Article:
In this 200th anniversary year of the birth of Henry David Thoreau, each of us can increase our health and well-being by applying his guidance to our regular exercise activities. Thoreau, one of t ...View Article
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Posted on 08-08-2014
Well it’s been quite a while since I did a blog post; let’s just call it my “summer hiatus” instead of sheer laziness. As I sit here though, hearing patients in my Monroeville Chiropractor office, seeing some of the local Pittsburgh news, etc, I know that the fall sports scene is ramping up for athletes of all ages, especially for children.
After what is usually a nice, relaxing, and sometimes lazy summer, it’s important to take care and be mindful of a few things as they ramp up and prepare for the fall sports. Here are a couple things that I share with my Penn Hills Chiropractor patients:
1. Hydrate: Signs of dehydration start to show at a 2% loss of water body weight. The Institute of Medicine determined that an adequate intake (AI) for men is roughly 3 liters (about 13 cups) of total beverages a day. The AI for women is 2.2 liters (about 9 cups) of total beverages a day. The old adage, "Drink eight 8-ounce glasses of water a day." is actually close to accurate. That's about 1.9 liters, which isn't that different from the Institute of Medicine recommendations. Children’s requirements are different than adults, and you can see that on the following table:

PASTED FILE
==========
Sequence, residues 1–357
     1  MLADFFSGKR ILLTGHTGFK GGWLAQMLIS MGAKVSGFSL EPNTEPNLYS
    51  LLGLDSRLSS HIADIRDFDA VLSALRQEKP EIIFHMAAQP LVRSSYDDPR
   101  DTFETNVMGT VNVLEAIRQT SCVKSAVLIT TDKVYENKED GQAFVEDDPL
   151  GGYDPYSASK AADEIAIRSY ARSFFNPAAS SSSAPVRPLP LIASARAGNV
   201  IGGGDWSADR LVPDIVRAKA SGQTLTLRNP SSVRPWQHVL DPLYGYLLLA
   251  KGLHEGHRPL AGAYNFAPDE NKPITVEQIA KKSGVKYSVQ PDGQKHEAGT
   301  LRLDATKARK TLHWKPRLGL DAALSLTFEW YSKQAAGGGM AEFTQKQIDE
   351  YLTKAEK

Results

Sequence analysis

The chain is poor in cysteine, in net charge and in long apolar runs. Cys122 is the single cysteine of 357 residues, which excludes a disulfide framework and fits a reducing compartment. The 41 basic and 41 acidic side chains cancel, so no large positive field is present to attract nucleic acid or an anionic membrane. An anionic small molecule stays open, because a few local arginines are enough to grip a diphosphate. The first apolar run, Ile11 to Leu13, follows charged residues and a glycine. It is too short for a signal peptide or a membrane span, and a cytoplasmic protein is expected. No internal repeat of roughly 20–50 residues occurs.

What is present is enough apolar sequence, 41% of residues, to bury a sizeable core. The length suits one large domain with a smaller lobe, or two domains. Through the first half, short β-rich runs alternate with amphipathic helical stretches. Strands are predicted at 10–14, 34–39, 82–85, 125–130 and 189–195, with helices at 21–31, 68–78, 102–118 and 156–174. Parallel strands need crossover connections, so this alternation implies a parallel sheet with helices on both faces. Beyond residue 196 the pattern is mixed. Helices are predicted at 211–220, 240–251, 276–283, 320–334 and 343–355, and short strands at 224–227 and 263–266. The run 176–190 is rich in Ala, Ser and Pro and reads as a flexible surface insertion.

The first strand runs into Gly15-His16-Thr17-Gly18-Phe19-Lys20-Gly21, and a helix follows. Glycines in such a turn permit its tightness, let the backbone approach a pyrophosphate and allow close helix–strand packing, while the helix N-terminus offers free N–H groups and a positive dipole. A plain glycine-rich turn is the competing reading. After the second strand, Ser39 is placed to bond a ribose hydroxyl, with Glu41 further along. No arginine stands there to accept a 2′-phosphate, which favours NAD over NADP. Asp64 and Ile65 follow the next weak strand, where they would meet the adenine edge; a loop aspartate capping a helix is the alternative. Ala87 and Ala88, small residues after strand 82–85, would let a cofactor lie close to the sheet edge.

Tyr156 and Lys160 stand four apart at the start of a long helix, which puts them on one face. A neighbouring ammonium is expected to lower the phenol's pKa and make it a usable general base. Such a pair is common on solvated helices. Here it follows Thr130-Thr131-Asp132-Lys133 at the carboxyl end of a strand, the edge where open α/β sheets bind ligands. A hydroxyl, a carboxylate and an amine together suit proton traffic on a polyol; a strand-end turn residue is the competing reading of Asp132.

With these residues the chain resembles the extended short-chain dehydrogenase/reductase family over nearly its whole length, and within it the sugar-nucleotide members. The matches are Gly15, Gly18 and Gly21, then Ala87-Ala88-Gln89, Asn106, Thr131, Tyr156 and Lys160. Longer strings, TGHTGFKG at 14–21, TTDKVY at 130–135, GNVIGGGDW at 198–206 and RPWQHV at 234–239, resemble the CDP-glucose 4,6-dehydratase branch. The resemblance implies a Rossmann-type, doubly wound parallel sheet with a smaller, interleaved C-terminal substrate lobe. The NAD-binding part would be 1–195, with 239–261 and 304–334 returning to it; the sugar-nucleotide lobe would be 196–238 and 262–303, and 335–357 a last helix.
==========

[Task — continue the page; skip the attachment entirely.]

Age Range Adequate Daily Intake of Beverages
1 - 3 years about 4 cups
4 - 8 years about 5 cups
9-13 years about 8 cups for boys; about 7 cups for girls
14-18 years about 11 cups for boys; about 8 cups for girls
2. Sports Drinks: Along the hydration theme, I wanted to mention that sports drinks, Gatorade etc, are excellent for hydration. It’s important to not just replenish water, but the electrolyte replenishment of a sports drink is crucial for athletes. I typically recommend Gatorade because it has a great balance and it does include Sodium, which you excrete when you sweat, which is critical for blood pressure and volume during times of exertion.
3. Stretching: Most everyone stretches before they workout or exercise, if you don’t, then you better start! However, here at the beginning of seasons, stretch a bit more than you think you should. There are tons of different stretches for each muscle group, so getting into specifics here is a very long endeavor, but if you would like to know some specific stretches for you or your child’s needs, feel free to ask me on Facebook.
All in all, just pay attention to what your body is telling you, and when it comes to your child, pay attention to what they are telling you but also pay attention to their body language and behavior. Athletes, no matter what age, often tend to “tough it out” and fight through things when they shouldn’t. They tend to not mention things that are hurting or wrong with them because that’s seen as a sign of weakness. Well guess what, it’s not. So you as parents know your children better than anyone else, if you notice differences in their gait, behavior, or energy level, just ask and prod more than normal to see if there is a problem that they’re experiencing with their practices and athletics.
- Dr. Brent Shealer – Monroeville, Penn Hills, Pittsburgh Chiropractor
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